poorer Asean states Burma, Laos, Vietnam and also Cambodia, which has
observer status in Asean.



December 12, 1997

Marisa Chimprabha - The Nation

THAILAND and Burma have agreed to demarcate their common boundary by
dividing it into 10 sectors, according to For. 6ign Minister Surin Pitsuwan.

The work is to be carried out by a joint survey team, he said. If the team
is unable to determine where to locate boundary pillars in an area of a
sector, they will move to the next area in the sector so as not to delay the
demarcation process, Surin said on Tuesday.

Surin said the agreed solution to the demarcation of the 2,400 kilometre
Thai-Burmese border was a positive sign for bilateral relations and resulted
from excel lent cooperation.

Thailand and Burma have used different maps in negotiations on a border
agreement which has resulted in a stalemate for years.

Both countries will begin the demarcation process, which win encompass the
entire stretch of boundary from the north to the south of the two countries,
Surin said, without saying when he expected the work to be finished.

The agreement, which was the outcome of a Thai-Burmese boundary meeting in
August, came after Burma was granted full membership in the Asean grouping
in July.

Asenior Foreign Ministry source said yesterday that Burma has shown
increasingly positive signs in negotiations with Thailand since the country
become a member of Asean.

Apart from Burma, Asean comprises Brunei, Indonesia, Laos, Malaysia,
Singapore, Philippines, Thailand Vietnam.

Thailand has also been negotiating unsuccessfully for years with Lao
officials on the demarcation of the Thai-Lao border The talks have achieved
nothing also due to differences in maps.

Thailand plans to provide scholarships directly to Burmese students to study
in Thailand without involving the Burmese government, Deputy Foreign
Minister Sukhumbhand Paribatra said yesterday.

Sukhumbhand said the scholarships would enable Burmese students to have the
opportunity to witness political and economic development in Thailand.

The students may enroll in the Asian Institute of Technology in Bangkok
which uses English as the medium of instruction In the past, Thailand
awarded scholarships on a humanitarian basis to students m Burma but through
the government, which selected the students for the programme.

Sukhumbhand said the ministry would discuss the plan in detail later but
expected it would begin soon.



December 12, 1997

But Burma might have other ideas

Thailand will press ahead for an "open society" of the Association of
Southeast Asian Nations during the informal summit in Malaysia next week.

The idea is to build a social environment in which the under-privileged can
develop themselves and enjoy the full protection of the law, government
spokesman Akapol Sorasuchart said yesterday.

Thailand?s proposal was reaffirmed at yesterday?s preparatory meeting at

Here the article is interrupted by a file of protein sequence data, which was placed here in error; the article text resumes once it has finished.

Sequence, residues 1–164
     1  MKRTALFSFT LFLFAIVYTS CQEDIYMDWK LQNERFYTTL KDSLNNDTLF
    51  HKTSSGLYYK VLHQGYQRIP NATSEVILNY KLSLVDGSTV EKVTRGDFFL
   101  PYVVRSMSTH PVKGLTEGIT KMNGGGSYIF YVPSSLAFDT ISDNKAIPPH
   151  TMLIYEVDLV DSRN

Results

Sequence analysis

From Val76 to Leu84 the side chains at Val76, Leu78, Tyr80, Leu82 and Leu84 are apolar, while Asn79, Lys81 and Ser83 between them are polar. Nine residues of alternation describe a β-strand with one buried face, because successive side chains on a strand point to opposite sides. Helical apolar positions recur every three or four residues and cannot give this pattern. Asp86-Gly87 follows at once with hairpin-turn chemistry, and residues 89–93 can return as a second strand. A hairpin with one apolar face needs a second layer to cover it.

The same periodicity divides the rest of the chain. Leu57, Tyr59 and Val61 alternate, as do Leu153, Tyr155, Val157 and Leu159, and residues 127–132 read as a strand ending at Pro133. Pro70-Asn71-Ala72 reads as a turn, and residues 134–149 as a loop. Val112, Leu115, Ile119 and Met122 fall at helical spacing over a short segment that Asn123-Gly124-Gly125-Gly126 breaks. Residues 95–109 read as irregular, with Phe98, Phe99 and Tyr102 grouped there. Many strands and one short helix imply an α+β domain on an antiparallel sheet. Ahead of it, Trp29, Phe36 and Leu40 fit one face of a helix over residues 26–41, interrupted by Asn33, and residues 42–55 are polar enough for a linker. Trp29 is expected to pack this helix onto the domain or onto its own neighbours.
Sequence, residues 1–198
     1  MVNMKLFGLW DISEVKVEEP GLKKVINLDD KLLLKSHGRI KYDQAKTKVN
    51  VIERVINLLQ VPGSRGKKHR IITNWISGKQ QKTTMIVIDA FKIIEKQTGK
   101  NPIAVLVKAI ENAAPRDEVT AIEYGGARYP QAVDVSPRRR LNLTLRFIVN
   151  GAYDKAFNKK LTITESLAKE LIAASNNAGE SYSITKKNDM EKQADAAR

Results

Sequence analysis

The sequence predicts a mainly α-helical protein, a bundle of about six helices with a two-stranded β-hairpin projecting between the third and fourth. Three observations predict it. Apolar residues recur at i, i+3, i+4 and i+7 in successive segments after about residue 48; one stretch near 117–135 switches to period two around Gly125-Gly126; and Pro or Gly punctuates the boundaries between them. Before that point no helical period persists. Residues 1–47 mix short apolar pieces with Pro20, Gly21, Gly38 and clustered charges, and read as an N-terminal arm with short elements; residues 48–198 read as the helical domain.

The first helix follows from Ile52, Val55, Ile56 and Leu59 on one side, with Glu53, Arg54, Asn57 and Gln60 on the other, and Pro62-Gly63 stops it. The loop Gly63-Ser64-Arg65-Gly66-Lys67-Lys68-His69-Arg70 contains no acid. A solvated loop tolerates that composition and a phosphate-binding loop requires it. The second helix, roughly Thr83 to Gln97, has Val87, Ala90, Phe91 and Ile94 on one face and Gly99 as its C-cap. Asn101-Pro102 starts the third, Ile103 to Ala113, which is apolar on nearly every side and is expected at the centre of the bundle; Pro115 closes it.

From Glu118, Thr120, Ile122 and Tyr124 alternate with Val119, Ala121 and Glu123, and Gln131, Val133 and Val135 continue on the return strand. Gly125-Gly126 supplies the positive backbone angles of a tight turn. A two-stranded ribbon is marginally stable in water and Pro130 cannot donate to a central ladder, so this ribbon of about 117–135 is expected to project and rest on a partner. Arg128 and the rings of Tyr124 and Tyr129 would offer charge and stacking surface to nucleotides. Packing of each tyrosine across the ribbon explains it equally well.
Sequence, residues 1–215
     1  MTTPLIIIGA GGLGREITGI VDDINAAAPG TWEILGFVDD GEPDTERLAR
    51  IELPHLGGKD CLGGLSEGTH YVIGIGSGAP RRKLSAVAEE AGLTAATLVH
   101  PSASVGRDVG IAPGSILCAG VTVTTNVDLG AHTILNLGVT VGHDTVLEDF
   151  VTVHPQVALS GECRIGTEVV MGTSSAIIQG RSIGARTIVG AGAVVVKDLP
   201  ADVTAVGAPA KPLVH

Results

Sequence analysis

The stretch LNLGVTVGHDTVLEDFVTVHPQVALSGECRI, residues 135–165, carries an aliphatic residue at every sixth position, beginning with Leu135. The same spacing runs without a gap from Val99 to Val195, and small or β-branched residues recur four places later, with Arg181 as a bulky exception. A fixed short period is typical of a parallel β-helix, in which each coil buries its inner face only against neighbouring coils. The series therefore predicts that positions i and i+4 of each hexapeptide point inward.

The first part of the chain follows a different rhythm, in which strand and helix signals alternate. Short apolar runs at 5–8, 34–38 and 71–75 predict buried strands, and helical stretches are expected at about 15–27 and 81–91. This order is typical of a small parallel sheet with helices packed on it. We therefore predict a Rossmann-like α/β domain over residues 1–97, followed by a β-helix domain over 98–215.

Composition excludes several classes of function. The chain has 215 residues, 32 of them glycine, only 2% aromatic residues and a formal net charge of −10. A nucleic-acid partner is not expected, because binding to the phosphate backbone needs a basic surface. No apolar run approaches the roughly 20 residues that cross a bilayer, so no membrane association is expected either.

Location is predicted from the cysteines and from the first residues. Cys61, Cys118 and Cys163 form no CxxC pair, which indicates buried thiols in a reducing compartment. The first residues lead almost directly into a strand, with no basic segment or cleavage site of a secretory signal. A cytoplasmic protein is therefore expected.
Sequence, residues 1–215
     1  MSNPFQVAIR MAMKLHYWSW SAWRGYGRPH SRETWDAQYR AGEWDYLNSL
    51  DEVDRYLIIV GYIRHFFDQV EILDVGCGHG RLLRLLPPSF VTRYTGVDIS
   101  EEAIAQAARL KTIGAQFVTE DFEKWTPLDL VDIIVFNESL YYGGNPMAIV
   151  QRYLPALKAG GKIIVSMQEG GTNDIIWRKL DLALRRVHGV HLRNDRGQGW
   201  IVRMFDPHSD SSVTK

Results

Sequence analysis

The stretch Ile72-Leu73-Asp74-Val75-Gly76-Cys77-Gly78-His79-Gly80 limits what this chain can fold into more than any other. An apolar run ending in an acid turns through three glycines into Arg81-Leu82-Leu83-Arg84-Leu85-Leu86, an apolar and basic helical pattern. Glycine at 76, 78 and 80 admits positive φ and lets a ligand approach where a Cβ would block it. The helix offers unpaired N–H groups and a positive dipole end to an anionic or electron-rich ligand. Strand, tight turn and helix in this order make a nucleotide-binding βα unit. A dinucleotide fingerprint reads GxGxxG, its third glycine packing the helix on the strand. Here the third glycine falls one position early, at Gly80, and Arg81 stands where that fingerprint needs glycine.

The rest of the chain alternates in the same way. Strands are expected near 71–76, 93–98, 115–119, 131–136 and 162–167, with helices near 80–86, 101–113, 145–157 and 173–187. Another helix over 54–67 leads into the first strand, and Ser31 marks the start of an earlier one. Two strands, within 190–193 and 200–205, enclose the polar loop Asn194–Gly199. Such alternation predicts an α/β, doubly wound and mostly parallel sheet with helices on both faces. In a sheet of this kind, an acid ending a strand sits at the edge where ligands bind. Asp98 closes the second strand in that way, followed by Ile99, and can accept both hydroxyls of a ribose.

Government House chaired by Prime Minister Chuan Leekpai. Mr Chuan will join
other Asean leaders at the Dee 14-16 gathering.

Deputy Prime Minister and Commerce Minister Supachai Panitchpakdi, Foreign
Minister Surin Pitsuwan, PM?s Office ministers Savit Bhotivihok and Abhisit
Vejjajiva will accompany the premier.

Foreign Ministry officials said Asean members still differ over how to
define the term "open" which will be reflected in the summit?s statement of
Asean vision toward the year 2020.

So far, Burma, Indonesia, Laos, and Vietnam were reported to be cool towards
the idea for fear of its sensitiveness and the linkage with human rights

Otherwise, relations between the European Union and Asean will be another
key issue at the meeting, according to Mr Surin.

"We will discuss how the relationship between the EU and Asean would be
developed in terms of greater trade and investment," he said.

Asean?s ties with the EU turned sour after Burma?s entry into the grouping
in July. An Asean-EU joint cooperation meeting in November in Bangkok was
called off after the EU opposed Burma?s participation due to the ruling
junta?s poor human rights record.

Asean leaders will also evaluate the result of the 25-nation Asia-Europe
Summit in 1996 before the second meeting is held next April in London.

Mr Chuan will emphasise economic and technical cooperation between the two
regions and promote developing small and medium enterprises when he
discusses the matter with other Asean leaders, Mr Akapol said.

During the gathering, which also sees the participation of China, Japan and
South Korea, Thailand will retain Asean?s plan to ask for financial support
of the three nations in developing rail links between Asean and the Mekong
sub-region, he said.



December 12, 1997

Disputed boundary again to be discussed

Bhanravee Tansubhapol

Deputy Foreign Minister Sukhumbhand Paribatra will today inspect
Thai-Burmese border trade and look into the borderline dispute in Tak?s Mae
Sot district.